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John Legend has made history as the youngest person ever to achieve that sweet, sweet coveted EGOT status.

That’s someone who has received the big four, the holy grail of performance accolades: Emmy, Grammy, Oscar, and Tony Awards. 

Legend, 39, completed the acronym at the Creative Arts Emmy Awards in Los Angeles on Sunday, as did Andrew Lloyd Webber and Tim Rice, all for producing best variety special winner Jesus Christ Superstar Live in Concert.

He’s also the first black man to land EGOT status, making history in more ways than one.  Read more…

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Alibaba announces CEO Daniel Zhang will succeed Jack Ma as chairman next year

Following speculation about Jack Ma’s imminent retirement, Alibaba Group announced today that its CEO, Daniel Zhang, will succeed Ma as chairman next year. After stepping down as chairman on September 10, 2019 (exactly a year from now), Ma will continue serving as a board member until its annual general shareholders’ meeting in 2020.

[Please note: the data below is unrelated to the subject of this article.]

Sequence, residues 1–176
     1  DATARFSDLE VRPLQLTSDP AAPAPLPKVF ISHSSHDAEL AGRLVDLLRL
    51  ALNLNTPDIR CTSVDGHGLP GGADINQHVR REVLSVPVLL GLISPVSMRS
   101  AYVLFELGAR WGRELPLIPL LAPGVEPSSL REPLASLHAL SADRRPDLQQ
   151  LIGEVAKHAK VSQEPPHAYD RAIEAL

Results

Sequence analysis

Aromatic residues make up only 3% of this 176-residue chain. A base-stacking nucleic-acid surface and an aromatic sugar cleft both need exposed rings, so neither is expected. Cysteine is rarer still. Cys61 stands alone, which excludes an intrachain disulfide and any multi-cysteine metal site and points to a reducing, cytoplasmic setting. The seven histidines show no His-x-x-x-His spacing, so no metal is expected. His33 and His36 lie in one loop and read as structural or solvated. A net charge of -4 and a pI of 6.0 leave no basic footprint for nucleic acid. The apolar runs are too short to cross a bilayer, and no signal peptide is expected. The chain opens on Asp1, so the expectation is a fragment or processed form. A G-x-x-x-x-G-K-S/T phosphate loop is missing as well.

After that, Ma will remain a lifetime partner of the Alibaba Partnership, or a group of 36 partners drawn from the senior management ranks of Alibaba Group companies and affiliates. They hold a considerable amount of sway over the company because they have the right to nominate, or in certain situations, appoint up to a simple majority of its board of directors.

Alibaba’s announcement follows reports that Ma’s retirement from the company he co-founded in 1999 as an online marketplace was imminent, with Ma, a former English teacher, planning to dedicate his time to philanthropy in education. Ma downplayed those reports, however, telling the South China Morning Post (which is owned by Alibaba) that instead he will gradually reduce his role in the company through a succession plan.